Save for a rainy day: 5 myths about emergency funds

September 02, 2020

It’s one of the best things you can do for your financial future, but fewer than half of American households have an emergency fund. Good news: It’s easier than you think to start saving for a rainy day. Here are five common beliefs that shouldn’t stand in your way.

 

Still curious why we are calling this a rainy day fund vs. an emergency fund? Read more to find ou!

 

1. “I can’t save until my debt is paid off”

Paying down your debt is an important financial priority, particularly if it’s accruing interest. However, research shows that keeping some money on hand for unexpected expenses improves long-term financial security – even if you are paying off high-interest credit cards. Setting aside as little as $400 can help prevent you from going into further debt when unexpected expenses arise.

 

2. “I can’t afford to save for an emergency”

If you feel like you’re living paycheck to paycheck, you’re not alone. But saving even a small amount can make a difference. If you save $50 per paycheck (just $25 a week), you will have $400 saved in 4 months. If $50 feels like too much, start with a smaller amount. The key is to start saving now - you’ll be surprised at how much it adds up over time.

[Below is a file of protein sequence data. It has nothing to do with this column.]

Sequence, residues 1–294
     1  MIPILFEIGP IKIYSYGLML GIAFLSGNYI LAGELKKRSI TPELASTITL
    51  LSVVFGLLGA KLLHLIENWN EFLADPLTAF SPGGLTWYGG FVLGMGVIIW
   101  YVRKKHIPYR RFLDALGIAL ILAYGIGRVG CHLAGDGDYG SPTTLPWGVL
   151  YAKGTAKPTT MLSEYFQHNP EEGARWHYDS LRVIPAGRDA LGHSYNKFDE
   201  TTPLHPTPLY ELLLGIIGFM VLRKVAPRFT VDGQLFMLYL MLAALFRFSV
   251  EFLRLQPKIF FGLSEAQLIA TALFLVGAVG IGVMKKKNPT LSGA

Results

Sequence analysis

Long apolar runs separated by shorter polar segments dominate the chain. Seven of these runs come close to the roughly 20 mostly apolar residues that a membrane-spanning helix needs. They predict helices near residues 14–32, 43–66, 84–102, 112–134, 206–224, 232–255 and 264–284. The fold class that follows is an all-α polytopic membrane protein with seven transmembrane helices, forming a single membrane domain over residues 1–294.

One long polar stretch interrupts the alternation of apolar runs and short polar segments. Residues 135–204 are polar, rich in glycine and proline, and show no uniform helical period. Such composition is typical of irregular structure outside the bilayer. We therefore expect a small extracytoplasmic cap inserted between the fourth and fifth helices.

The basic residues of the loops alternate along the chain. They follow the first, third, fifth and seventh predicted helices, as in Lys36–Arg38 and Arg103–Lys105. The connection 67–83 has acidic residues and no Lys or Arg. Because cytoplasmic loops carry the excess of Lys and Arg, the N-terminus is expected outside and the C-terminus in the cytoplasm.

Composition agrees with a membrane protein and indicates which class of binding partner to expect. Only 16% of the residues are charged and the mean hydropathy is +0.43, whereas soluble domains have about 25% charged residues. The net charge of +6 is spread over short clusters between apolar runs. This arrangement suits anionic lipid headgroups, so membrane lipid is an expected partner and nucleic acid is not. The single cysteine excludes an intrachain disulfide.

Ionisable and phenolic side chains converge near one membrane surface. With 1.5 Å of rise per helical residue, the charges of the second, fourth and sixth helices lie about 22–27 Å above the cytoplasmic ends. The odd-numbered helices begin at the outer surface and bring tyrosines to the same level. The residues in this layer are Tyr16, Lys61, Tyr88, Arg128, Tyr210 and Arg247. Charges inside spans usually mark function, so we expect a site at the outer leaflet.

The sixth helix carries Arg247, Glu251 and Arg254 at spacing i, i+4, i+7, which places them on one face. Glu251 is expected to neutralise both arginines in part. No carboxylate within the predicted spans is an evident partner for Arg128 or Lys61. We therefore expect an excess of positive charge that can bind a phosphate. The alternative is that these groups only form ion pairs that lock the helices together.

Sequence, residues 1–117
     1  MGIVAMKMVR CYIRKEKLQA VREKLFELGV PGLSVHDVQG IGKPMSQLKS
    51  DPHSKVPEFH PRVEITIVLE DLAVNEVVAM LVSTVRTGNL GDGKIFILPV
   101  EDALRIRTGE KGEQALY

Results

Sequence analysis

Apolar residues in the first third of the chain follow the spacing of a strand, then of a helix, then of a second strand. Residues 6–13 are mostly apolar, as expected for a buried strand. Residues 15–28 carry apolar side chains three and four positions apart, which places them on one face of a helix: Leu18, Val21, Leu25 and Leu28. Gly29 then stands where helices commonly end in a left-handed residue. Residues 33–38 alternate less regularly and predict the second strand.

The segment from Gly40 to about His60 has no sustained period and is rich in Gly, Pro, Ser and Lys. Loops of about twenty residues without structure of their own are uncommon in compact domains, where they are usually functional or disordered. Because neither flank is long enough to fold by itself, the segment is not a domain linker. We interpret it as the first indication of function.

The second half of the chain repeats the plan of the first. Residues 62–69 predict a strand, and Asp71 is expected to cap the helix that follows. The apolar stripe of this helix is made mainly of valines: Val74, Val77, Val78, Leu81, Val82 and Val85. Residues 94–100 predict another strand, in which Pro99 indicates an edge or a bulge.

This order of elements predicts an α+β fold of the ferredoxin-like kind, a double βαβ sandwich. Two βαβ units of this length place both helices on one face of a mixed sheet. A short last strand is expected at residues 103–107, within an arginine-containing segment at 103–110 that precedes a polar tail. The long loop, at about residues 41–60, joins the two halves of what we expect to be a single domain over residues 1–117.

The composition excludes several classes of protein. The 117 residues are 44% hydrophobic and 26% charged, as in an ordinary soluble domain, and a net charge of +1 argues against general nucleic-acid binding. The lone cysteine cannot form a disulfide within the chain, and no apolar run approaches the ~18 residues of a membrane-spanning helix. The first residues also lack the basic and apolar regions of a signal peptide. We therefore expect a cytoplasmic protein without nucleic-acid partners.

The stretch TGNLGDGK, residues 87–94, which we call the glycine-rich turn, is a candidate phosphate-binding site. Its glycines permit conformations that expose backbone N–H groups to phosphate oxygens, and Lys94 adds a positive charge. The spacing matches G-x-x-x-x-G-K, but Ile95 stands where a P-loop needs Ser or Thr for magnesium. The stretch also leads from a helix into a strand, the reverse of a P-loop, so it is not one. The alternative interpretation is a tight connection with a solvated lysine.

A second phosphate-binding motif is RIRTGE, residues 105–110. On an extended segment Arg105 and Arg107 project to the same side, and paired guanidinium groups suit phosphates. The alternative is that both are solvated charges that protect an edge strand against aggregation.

3. “I need to save 3-6 months expenses”

Financial experts often recommend setting aside 3-6 months of expenses. This recommendation is based on the average amount of time it takes to find a new position if you lose your job. But this goal can be overwhelming if you are paying off high-interest debt or living paycheck to paycheck.

If you’re among the nearly 40% of American households who can’t cover a $400 emergency expense without borrowing money or selling something, start there. Once you have saved $400, aim for $1,000. You can also set personally meaningful targets, like one month’s rent or mortgage payment.

 

4. “I should only use my savings for serious emergencies”

A car accident is clearly an emergency. What about a flat tire? Or a speeding ticket?